MedRhythms announces the launch of a clinical trial, in collaboration with Massachusetts General Hospital (MGH), that will study MR-004, MedRhythms’ multiple sclerosis (MS) asset.
The trial was funded by the National Multiple Sclerosis Society, aims to study the impacts of Rhythmic Auditory Stimulation on MS walking impairments. It expands on the research that is being conducted with MR-004 in a clinical trial with Cleveland Clinic that was announced in 2020.
The trial will be led at MGH by Co-Principal Investigators, Dr. Eric Klawiter and Dr. Ron Hirschberg, and will be a randomized crossover trial looking at the impacts of MR-004, a digital therapeutic that digitizes Rhythmic Auditory Stimulation, on functional outcomes such as gait speed as well as neuroimaging compared to standard of care, a media release from MedRhythms explains.
“Looking at the underlying functional connectivity via MRI will shed new light onto the understanding of Rhythmic Auditory Stimulation and its applications for gait training in multiple sclerosis.”
— Dr. Eric Klawiter, Director of the Multiple Sclerosis and Neuromyelitis Optica Unit at MGH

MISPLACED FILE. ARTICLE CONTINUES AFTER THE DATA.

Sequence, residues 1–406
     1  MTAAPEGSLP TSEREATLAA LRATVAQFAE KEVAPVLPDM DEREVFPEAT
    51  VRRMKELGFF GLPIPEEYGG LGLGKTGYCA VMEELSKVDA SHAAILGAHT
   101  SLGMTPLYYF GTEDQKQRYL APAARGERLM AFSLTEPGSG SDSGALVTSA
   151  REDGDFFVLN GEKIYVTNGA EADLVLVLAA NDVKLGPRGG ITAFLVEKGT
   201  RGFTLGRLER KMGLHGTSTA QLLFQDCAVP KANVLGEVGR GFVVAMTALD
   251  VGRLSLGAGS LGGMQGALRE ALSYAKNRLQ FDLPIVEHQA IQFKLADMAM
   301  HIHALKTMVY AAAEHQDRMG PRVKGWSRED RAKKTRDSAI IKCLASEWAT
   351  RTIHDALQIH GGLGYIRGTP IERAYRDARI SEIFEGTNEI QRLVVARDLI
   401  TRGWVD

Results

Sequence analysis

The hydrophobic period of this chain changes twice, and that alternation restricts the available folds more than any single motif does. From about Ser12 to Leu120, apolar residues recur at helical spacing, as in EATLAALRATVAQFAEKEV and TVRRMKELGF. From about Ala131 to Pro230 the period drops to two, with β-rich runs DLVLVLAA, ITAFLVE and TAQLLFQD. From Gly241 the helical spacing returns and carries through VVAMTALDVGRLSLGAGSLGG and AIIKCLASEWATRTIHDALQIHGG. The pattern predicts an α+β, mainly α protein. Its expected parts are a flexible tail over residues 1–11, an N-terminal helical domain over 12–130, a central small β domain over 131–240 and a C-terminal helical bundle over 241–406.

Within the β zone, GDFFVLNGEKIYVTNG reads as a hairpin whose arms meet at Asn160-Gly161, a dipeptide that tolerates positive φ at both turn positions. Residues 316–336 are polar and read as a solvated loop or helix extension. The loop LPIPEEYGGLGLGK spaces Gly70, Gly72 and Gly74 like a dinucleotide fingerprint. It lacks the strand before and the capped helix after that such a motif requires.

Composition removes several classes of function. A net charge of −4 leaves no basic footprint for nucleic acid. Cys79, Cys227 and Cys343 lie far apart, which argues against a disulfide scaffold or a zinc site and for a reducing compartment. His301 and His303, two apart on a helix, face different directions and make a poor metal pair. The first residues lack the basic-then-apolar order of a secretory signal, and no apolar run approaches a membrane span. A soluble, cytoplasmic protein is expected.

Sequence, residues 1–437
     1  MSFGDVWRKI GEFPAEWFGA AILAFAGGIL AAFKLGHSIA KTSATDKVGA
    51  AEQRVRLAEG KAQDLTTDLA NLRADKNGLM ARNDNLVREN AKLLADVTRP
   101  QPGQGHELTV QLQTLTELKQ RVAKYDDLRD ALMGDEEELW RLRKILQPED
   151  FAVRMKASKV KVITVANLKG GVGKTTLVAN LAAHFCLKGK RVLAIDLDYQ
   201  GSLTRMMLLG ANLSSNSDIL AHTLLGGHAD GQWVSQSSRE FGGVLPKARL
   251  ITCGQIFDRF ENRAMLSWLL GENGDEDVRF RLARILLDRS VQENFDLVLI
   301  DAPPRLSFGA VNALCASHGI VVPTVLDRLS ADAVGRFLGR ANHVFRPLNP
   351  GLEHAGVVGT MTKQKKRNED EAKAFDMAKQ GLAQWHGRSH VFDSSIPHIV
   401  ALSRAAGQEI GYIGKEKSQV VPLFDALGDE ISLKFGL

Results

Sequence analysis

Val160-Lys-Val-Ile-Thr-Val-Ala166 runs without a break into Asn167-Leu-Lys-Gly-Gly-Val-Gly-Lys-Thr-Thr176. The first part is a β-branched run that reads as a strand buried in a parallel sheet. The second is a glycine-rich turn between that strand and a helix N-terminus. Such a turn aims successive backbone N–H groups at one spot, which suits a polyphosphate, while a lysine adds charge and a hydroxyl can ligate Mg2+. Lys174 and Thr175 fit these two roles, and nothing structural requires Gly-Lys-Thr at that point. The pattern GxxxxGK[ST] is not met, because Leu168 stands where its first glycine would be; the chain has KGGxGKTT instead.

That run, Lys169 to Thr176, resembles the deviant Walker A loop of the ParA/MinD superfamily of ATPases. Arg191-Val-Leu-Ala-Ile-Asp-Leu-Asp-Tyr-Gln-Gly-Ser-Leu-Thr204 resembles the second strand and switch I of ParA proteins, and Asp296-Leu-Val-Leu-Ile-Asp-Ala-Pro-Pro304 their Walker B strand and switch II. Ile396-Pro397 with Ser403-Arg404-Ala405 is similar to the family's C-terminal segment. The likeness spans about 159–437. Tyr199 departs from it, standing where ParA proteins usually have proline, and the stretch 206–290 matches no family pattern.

People with MS tend to have a walking impairment, such as decreased speed and quality of walking, but there are few solutions that improve these deficits. Improving walking speed and quality are important goals, as they are tied to independence and enhanced quality of life. Specifically, gait speed research has shown that every 0.01 m/s increase in walking speed corresponds to a 7% decrease in fall risk, the release continues.
“Previous studies have demonstrated the positive impacts of Rhythmic Auditory Stimulation on gait training in people with multiple sclerosis, and this study is an exciting advancement of these previous clinical trials.
“As a new treatment in healthcare, it is important that rigorous evidence be developed to support the intervention. We are excited to be advancing the science that supports Rhythmic Auditory Stimulation and digital therapeutics as we enter into this novel and important study.”
— Brian Harris, the CEO and co-founder of MedRhythms
[Source(s): MedRhythms, PR Newswire]
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